Our Prototypes column introduces new vehicle concepts and presents visuals from designers who illustrate the ideas. Some of them will be extensions of existing concepts, others will be new, some will be production ready, and others really far-fetched.
The Subfire is nimble mobile robot designed to patrol national parks and rapidly extinguish small fires by using sound waves. The Subfire could also be used to conduct safety patrols day and night, measure levels of air quality, find missing people on outback trails, and keep an eye out for dangerous wild animals.
I recently published a small robotic concept called the Seekloc with the collaboration of Olivier Peraldi and Abhishek Roy. At the same time, I read an article in Popular Science about a team of students (Viet Tran and Seth Robertson) who are working on a fire extinguisher that uses sound waves to put out small fires. Adding those two things together gave birth to the Subfire concept.
How it works
The robot's first job would be to patrol national parks and make sure there are no unattended fires. If it detects one with its thermal imaging cameras and infrared sensors, it would be able to report it, call for help, and put out small fires using sound waves. (See video)
There's already a series of robotic platforms out there that use parallel wheels to travel in an upright position. A navigational system would be added so each unit could find its way around a national park and even step out of trails and venture into the woods if necessary.
The robots would roam the park daily, analyse and quantify the air, and transmit their findings to the park rangers and also campers on site. It could also use an electronic nose like cloud sense, a chemical sensing platform developed by Sensing Dynamics in Montreal, to detect brush fires or a wide variety of other scents. Plus, it could sense specific animals like bears with its electronic nose.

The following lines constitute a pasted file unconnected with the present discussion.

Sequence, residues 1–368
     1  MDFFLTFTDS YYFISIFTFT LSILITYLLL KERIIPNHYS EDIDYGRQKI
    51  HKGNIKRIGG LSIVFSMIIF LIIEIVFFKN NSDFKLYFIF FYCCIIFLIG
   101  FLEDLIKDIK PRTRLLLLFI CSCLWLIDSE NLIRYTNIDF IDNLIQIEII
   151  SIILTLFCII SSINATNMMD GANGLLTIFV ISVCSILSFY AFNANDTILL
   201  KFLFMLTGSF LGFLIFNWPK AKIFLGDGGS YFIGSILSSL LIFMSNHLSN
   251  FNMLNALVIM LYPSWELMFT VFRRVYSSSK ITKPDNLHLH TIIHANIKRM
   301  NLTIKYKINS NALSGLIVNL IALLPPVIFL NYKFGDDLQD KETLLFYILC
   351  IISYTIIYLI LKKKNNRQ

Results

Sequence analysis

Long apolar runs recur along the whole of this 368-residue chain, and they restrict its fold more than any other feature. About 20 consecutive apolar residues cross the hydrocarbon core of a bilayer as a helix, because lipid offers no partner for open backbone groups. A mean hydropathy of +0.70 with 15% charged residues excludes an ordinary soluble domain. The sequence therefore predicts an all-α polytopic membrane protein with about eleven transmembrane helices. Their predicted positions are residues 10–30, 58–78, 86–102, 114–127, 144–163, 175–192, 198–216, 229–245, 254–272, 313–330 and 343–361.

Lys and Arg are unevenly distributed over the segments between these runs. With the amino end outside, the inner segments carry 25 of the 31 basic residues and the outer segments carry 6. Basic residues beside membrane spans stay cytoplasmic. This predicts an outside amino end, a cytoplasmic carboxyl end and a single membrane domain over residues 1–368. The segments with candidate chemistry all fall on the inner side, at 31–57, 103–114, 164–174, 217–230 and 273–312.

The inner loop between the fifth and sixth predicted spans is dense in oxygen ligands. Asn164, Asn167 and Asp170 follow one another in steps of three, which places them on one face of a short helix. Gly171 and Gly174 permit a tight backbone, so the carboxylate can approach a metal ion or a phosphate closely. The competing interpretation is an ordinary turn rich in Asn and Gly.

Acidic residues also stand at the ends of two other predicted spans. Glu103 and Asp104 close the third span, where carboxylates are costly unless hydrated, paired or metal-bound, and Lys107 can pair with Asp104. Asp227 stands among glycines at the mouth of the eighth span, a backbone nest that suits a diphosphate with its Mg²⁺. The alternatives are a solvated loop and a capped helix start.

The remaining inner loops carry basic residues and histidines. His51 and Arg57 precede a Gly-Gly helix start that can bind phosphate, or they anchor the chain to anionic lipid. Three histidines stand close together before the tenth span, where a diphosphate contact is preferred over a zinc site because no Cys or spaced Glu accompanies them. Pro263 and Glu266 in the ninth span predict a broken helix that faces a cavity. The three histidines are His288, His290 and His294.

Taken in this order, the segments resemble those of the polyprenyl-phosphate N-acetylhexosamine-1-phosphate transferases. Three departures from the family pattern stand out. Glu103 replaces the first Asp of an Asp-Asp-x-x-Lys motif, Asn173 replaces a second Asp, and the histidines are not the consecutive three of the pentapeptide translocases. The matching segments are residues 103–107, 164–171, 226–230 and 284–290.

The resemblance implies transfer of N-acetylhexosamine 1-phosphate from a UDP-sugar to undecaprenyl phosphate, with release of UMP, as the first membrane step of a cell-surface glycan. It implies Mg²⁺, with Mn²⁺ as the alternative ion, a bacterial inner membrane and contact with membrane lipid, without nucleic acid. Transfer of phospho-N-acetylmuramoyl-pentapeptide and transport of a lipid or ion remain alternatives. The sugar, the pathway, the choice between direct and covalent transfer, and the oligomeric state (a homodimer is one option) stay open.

The Subfires, working as a group, with acoustic microphones could detect missing persons and pinpoint them precisely. For instance it could 'call out' missing persons and use a triangulation method to localise them (It could also detect cellphone signals).
Each Subfire would have a specific name, so directives could be given to them using Fluent.AI, a contextual speech-to-action software. Fluent.ai would learn the user's commands—not the other way around—through high-dimensional acoustic matching. Specific tasks could thus be given to each of them if necessary, like 'wait here', 'check this trail', 'get back to base camp', etc.)
What it's used for
The Subfire would be used first and foremost by national park personnel to complete the above mentioned task. However, the data collected by the Subfires in various parks across the country could also be analysed by researchers and used in their studies. The live video feed of wildlife could also be used in TV documentaries and shared online by campers.
Finally the Subfires could act as a series of repeating stations for a mobile WiMax or a cell/mesh network. This functionality would come in handy during periods of emergency making it possible to reach help with a Smartphone or the robots' communication devices.
The images of the Subfire concept were created by Abhishek Roy. Roy is the founder of Lunatic Koncepts, a start-up design lab based in India. His team also created the renderings for the Xoupir commuter bus and the Iruka outboard engine.
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